Trapped in small-town Ireland and bereft after a break-up, 23-year-old Lampy wonders how he might ‘tell his grandfather that he wanted to find a place where the measure of a man was different’. This yearning for a notional elsewhere and the keenly topical subject of migration are at the heart of Donal Ryan’s Booker Prize-longlisted fourth novel, From a Low and Quiet Sea, which contrasts Lampy’s experiences with those of two other male figures, before bringing them together expertly at the end. It is tighter than Ryan’s Faulknerian first novel, The Spinning Heart: every image here – from religious iconography to the sea itself – is set to work in an intricate plot that carries real emotional heft.
The first voice belongs to Farouk, a Syrian doctor who reluctantly decides he must take his family to what he hopes will be a safe haven in Europe. He tells his daughter that the sound of nearby gunfire is ‘the noise of a great machine that was being used to frighten birds away from crops’. Every day, he resists the forces of ISIS, who threaten to take over his hospital. Finally, he meets a people trafficker, ‘this dealer in flesh’, and sets a date for his departure. But he soon discovers he’s been conned: ‘There are no lifejackets on this boat. There is no captain. There is no crew. There is nothing on this boat but us.’ Farouk’s plight is richly imagined and wholly convincing. While his fate and those of his wife and daughter hang in the balance, the reader yearns to find out what happens next.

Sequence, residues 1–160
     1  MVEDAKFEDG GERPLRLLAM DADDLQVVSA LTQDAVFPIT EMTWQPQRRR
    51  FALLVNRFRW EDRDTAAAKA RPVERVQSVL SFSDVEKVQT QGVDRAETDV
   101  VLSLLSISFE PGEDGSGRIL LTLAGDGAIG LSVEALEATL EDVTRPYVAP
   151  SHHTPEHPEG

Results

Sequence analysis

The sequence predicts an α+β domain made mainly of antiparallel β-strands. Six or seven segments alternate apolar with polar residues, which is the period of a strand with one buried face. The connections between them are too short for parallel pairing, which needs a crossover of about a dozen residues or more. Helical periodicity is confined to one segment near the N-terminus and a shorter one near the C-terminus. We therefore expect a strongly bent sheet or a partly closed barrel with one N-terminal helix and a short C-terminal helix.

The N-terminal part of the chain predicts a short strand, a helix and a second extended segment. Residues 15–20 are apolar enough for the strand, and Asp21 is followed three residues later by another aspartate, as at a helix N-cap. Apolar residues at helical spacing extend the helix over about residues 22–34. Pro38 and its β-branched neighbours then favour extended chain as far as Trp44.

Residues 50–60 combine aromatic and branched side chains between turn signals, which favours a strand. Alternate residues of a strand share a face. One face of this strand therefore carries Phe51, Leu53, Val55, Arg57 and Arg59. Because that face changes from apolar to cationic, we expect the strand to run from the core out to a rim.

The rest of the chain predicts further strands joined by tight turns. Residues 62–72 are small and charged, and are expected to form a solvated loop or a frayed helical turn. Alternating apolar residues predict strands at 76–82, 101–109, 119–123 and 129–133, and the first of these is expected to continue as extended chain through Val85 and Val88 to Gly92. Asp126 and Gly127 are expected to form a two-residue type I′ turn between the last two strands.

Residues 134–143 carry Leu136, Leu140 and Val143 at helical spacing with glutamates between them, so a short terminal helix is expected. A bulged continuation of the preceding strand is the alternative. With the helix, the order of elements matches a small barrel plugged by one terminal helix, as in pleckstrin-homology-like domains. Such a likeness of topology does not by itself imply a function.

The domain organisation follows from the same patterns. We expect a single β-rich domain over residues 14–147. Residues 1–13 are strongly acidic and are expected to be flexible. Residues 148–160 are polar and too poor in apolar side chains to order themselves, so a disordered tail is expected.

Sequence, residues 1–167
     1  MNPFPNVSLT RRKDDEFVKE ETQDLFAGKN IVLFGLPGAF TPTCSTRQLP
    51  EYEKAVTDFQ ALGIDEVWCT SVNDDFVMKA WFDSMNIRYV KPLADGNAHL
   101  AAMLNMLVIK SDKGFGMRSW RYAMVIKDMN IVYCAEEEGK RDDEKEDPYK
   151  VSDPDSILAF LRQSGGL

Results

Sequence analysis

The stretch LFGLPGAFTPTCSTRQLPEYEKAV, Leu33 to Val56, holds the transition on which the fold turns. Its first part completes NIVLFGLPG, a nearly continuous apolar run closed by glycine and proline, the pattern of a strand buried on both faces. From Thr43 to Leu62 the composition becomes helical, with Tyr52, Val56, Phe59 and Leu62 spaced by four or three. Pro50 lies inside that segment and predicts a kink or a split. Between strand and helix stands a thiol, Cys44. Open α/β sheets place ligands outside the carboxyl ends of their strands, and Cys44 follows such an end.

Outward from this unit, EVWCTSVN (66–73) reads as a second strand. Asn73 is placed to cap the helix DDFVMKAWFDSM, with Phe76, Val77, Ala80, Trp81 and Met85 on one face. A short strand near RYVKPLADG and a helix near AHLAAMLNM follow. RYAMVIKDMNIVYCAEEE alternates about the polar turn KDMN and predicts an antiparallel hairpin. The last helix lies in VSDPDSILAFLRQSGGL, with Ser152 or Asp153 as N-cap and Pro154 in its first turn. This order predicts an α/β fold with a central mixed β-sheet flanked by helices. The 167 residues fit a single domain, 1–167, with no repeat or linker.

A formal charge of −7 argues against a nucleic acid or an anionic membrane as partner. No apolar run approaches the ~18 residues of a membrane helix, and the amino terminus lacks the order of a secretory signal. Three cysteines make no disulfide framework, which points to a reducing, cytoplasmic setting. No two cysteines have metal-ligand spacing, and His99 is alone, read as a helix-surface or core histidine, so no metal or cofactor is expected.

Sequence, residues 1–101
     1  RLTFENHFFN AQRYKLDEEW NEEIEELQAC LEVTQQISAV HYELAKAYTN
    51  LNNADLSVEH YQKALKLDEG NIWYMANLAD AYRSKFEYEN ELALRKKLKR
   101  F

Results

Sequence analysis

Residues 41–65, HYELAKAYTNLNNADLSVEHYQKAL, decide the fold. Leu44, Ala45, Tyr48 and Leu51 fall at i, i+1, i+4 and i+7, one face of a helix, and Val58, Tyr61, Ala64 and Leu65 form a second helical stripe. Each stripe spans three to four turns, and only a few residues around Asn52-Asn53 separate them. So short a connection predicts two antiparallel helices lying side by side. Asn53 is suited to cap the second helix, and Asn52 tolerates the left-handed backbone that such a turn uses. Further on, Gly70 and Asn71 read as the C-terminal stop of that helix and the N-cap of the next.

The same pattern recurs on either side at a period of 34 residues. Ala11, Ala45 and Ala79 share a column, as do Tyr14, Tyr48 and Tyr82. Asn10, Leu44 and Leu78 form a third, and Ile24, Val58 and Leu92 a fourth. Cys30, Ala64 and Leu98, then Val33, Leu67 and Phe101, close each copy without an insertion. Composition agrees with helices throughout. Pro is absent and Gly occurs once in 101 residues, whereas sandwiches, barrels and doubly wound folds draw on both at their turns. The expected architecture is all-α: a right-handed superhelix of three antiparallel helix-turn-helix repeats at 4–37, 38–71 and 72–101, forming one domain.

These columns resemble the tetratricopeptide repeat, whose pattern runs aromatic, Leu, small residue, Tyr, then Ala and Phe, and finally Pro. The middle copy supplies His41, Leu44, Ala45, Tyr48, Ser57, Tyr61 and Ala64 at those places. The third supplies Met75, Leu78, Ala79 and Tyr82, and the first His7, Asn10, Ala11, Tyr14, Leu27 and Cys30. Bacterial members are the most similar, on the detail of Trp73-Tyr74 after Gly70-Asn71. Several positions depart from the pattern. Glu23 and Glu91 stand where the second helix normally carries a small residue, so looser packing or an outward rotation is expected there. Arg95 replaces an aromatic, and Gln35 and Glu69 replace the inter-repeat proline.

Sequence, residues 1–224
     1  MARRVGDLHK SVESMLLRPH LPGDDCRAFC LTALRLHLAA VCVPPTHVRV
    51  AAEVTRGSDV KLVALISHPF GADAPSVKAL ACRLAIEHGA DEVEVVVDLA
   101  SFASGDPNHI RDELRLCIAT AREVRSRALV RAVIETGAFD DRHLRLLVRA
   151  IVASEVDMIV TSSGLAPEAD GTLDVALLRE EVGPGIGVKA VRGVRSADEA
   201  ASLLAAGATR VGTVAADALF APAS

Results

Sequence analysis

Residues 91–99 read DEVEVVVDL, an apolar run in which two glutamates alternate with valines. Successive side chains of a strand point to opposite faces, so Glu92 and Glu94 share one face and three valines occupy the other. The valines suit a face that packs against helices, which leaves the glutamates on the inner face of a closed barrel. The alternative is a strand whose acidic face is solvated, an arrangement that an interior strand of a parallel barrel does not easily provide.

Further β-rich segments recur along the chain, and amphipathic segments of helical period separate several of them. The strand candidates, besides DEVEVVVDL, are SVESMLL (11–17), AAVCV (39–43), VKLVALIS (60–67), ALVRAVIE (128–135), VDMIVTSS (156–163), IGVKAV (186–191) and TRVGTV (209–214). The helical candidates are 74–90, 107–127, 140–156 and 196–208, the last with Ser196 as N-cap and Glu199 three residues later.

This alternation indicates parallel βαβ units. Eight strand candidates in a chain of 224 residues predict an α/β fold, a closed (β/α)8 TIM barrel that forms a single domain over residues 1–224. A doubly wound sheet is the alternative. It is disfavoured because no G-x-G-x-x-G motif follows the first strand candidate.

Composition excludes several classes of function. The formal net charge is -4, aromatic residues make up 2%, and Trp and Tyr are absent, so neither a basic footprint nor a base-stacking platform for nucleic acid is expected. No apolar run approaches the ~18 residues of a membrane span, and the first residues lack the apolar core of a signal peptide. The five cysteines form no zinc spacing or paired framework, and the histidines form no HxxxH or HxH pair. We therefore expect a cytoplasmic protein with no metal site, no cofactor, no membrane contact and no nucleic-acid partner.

From here, the narrative travels to Ireland, the prose reverting to the paratactic mode that’s become Ryan’s trademark (‘And he’d feel himself getting cross with her and he wouldn’t answer her and he’d swear beneath his breath…’). It’s the perfect medium in which to render Lampy’s urgent, thwarted desires and